Saturday, July 10, 2010

The Constantly Arising Self

In your meditation practice, and in your daily life, you can be aware of the sense of "self," or "I, me, and mine," arising almost continuously. The self is noticed in a number of ways, most obviously when we are suffering under the weight of a strong unpleasant or upsetting emotion. The presence of these emotional sensations in the body are merely signals that somewhere we are clinging to something. Once this experience becomes known through awareness, we can do something about it.

What we do, of course, is release the tight grasping fist and hold the experience in an open hand, allowing the sense of self and any accompanying emotions float freely in a spacious awareness. The longer we cling tightly to something by calling it I, me, or mine, the deeper we will sink into the quicksand of self. Disengaging from, and dis-identifying with the sense of self is as easy as returning to the feeling of the body breathing. The hard part is remembering to do this.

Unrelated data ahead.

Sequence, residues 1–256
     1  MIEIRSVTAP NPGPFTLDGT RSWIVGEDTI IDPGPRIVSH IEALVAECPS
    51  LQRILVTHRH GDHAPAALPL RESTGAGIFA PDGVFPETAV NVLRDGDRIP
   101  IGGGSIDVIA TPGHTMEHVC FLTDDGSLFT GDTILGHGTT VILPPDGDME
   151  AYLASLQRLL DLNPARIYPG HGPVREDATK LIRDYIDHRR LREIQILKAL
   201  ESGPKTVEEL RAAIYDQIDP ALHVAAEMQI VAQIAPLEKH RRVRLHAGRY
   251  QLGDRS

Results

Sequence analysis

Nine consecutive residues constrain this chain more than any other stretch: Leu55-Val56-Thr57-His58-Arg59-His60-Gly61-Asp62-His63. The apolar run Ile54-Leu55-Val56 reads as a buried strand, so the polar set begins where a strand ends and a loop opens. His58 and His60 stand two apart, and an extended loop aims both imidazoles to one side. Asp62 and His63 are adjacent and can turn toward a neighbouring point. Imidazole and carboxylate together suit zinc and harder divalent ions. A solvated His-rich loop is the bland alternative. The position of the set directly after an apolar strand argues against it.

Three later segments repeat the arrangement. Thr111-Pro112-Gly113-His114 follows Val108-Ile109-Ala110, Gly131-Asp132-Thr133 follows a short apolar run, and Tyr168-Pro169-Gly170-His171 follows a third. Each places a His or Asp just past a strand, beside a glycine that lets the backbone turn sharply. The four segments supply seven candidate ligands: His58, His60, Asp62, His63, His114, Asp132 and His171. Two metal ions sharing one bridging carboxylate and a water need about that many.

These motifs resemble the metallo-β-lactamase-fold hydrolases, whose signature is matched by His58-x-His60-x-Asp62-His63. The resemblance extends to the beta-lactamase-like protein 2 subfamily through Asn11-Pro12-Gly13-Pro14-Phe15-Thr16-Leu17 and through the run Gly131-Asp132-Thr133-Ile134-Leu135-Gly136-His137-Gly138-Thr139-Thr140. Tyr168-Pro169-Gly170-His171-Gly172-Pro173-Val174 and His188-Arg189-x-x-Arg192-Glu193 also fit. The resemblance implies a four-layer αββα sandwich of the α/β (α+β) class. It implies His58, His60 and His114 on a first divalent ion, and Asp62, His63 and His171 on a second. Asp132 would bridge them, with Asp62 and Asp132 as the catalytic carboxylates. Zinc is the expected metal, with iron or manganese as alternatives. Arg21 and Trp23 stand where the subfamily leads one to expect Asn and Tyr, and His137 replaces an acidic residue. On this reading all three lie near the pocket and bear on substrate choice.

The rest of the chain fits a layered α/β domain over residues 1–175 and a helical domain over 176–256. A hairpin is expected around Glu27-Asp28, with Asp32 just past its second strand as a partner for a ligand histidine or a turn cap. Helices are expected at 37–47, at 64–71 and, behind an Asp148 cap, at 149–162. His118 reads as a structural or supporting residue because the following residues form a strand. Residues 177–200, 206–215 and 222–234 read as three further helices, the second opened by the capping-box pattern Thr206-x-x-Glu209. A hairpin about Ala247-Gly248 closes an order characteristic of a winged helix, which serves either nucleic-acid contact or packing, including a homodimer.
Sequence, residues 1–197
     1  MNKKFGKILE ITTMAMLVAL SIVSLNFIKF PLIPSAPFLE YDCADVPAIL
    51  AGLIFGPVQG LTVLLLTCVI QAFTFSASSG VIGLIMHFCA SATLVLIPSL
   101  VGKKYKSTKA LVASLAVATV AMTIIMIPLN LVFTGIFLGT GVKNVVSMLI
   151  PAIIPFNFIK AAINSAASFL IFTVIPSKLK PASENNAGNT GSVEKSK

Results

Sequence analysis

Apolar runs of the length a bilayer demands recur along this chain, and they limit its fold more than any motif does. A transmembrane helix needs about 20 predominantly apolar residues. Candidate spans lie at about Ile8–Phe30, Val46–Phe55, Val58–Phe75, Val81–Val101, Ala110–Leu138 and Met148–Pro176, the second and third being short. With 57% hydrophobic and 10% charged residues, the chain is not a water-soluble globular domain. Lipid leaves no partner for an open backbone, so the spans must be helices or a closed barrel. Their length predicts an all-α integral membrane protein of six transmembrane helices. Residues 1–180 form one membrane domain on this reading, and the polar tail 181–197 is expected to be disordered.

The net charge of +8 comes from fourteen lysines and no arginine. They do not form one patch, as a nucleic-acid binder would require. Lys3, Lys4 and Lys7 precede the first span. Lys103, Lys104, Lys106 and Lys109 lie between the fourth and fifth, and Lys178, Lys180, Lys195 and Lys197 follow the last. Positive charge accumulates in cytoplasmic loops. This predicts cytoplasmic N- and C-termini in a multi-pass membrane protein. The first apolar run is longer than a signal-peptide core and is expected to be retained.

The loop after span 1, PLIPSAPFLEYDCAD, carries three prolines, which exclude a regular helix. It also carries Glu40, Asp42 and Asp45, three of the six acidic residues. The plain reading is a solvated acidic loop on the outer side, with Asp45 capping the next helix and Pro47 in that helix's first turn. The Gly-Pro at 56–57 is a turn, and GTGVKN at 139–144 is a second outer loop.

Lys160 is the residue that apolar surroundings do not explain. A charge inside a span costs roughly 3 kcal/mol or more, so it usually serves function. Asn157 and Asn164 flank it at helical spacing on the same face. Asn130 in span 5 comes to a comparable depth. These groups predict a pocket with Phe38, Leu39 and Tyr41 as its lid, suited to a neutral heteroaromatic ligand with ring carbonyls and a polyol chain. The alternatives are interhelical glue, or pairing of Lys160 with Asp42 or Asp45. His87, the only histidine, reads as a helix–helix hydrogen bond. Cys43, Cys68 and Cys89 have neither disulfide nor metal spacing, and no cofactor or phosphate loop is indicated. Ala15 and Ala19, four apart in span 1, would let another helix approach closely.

The arising self can be clearly seen while we are practicing vipassana meditation. It can sometimes become a very unsettling or frustrating experience as we are constantly noting the attachment to something (signaling the presence of the sense of self), and then releasing the fist. We may have to repeat this process seemingly moment-by-moment for our entire practice. On retreats, I have been beset by so much arising self that whole days were taken up with releasing from its attachment.

The result, however, is a soft and open sense of freedom from being held prisoner by the self that wants to cling to everything and identify it as its own. It takes diligent and wholehearted effort. And the reward? Nothing less than freedom.


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